Imagine a Future of Distributed Cooperatives, or DisCOs
By David Bollier. Republished from Bollier.org
For too long, discussions about how blockchain software could change the world have been dominated by libertarian-minded techies and market-driven startups. No wonder they are dazzled by Bitcoin, the currency for capitalist speculation, and by turbo-charged networked markets.
This approach has left a huge void in our thinking about alternative futures — ones that could be progressive, cooperative, and collectively emancipatory, and not just the next, more stifling iteration of capitalism. We need to ask: What sorts of systems might be possible if we were to design new tech platforms and protocols to facilitate commoning?
How refreshing that we now have some answers. The basic idea is to create variations on a new institutional form, the “Distributed Cooperative Organization,” or DisCO. Check out 80 riveting pages on this topic, an extended essay entitled, “If I Only Had a Heart: The DisCO Manifesto,” published by the Guerrilla Media Collective in collaboration with the Transnational Institute.
The authors of this essay are my friends and colleagues Stacco Troncoso (lead author) and Ann Marie Utratel (coauthor and lead editor). Both have long worked with the P2P Foundation, Commons Transition, Guerrilla Translation and Guerrilla Media Collective groups. (Full disclosure: I gave the authors some comments on early drafts.)
In blockchain circles, there is much enthusiasm for DAOs, or decentralized autonomous organizations. These are free-standing, self-organized groups of people who use blockchain tools to structure their members’ interactions and behave as “ownerless” organizations or institutions. The idea behind DAOs is to “allow people to exchange economic value, to pool resources and form joint-ventures, without control from the center, in ways that were impossible before blockchains; and to agree on how risks and rewards should be distributed and to enjoy the benefits (or otherwise) of the shared activity in the future,” as Ruth Catlow of the Furtherfield Collective writes in a crisp foreword.
This is indeed an exciting prospect, but DAOs are generally envisioned as a new breed of “trustless” market organization. They function on the same epistemic plane as capitalism, with everyone treated as isolated individuals looking to maximize their personal (monetary) interests.
DisCOs, by contrast, start from a different set of premises about humanity. They regard we humans as a cooperative species whose members need and want to engage with others, personally. Earned trust among people and open collaboration can then achieve some remarkable things. That’s the essential goal of DisCOs, which consist of a set of organizational tools and practices for people who want to work together in a cooperative, commons-oriented, and feminist economics form.
The question that this report seeks to answer is how these social impulses and practices can be structured and facilitated by tech platforms, and made stable and durable.Toward this end, the report identifies seven principles that characterize distributed cooperatives:
1. Geared toward positive outcomes in key areas (such as social and environmental priorities)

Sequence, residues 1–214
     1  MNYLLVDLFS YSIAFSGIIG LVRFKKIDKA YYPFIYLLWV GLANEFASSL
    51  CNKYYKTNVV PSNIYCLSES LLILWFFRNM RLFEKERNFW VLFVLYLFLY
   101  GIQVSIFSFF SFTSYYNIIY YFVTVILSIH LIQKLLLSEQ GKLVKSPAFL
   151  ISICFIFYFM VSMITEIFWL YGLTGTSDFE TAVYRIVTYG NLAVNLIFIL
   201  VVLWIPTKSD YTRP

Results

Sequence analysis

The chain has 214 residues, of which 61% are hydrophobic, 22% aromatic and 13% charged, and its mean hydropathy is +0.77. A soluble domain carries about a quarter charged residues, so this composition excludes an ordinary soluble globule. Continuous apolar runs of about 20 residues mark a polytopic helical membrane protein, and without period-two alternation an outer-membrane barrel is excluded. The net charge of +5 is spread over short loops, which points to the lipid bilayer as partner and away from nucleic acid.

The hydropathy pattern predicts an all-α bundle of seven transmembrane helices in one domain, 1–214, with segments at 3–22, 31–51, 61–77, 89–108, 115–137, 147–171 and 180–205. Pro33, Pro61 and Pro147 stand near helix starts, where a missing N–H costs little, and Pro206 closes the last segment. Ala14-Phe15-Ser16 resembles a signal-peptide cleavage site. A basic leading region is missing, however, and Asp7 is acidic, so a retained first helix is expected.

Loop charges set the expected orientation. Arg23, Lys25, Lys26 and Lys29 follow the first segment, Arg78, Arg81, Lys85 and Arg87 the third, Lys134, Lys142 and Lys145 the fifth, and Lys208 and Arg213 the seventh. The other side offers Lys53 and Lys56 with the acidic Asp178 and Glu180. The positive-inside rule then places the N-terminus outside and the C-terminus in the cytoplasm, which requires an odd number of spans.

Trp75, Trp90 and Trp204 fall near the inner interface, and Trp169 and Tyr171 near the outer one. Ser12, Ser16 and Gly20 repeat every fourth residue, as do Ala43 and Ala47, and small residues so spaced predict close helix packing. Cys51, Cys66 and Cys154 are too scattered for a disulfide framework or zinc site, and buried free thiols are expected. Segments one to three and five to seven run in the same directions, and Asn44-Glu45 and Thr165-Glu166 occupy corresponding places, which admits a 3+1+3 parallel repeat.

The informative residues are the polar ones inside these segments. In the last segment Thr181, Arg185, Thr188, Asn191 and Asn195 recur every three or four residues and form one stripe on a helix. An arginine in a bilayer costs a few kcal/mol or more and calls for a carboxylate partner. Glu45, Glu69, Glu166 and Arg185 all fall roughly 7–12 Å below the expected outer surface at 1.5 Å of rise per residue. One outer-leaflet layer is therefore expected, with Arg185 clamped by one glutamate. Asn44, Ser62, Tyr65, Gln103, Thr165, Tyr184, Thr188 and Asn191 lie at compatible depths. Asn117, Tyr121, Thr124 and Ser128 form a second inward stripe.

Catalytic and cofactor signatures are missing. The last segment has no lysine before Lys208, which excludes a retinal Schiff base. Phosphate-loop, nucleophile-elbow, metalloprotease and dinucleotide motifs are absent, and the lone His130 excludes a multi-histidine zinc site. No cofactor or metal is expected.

3. Active creators of commons
5. Centered on care work
6. Re-imagining the origin and flow of value
7. Primed for federation
While DisCOs can obviously have profound effects for the people affiliated with them, they have larger implications. They are capable of “injecting democracy into our economic systems (and politics and society in turn),” writes Catlow. “Funded by direct member investment, rather than investment from third-party shareholders, co-operative members ‘decide on the values of the enterprise, which don’t necessarily need to be about the maximization of profits’.”
The report also talks about “open-value cooperativism,” the idea that coops can move beyond market valuation as the central goal and “expand our economics and accounting to include care for living systems.” This is a theme that feminist economists has developed in much of their literature about “care work.”
Another advantage of DisCOs is their distributed nature. Because they are not centrally controlled, but autonomous and distributed, DisCOs can “maximize radical and emancipatory cooperation across national borders (on- and off-chain) while operating within the laws locally (at least until we can change them).”
An unexpected pleasure of this report is its many dazzling, artful illustrations, photos, and embedded illustrations. They point to the wide range of influences on the authors, from philosopher Donna Haraway and network analysts like Paul Baran and Dmytri Kleiner, to Internet cats and pop music lyrics.
This is a report by, of, and for digital natives. It is aswim in contemporary culture but informed by serious thinkers and history. Especially in their account of the Guerrilla Media Collective as a DisCO, the authors lay claim to an aesthetic of “punk elegance.” To which I can only say, “Rave on!”
Check out this report – an hour’s read. It’s serious in its explanations and polemics, accessible and fun in its presentation, and a timely vision of how people might design tech platforms and social norms for a world of commoning.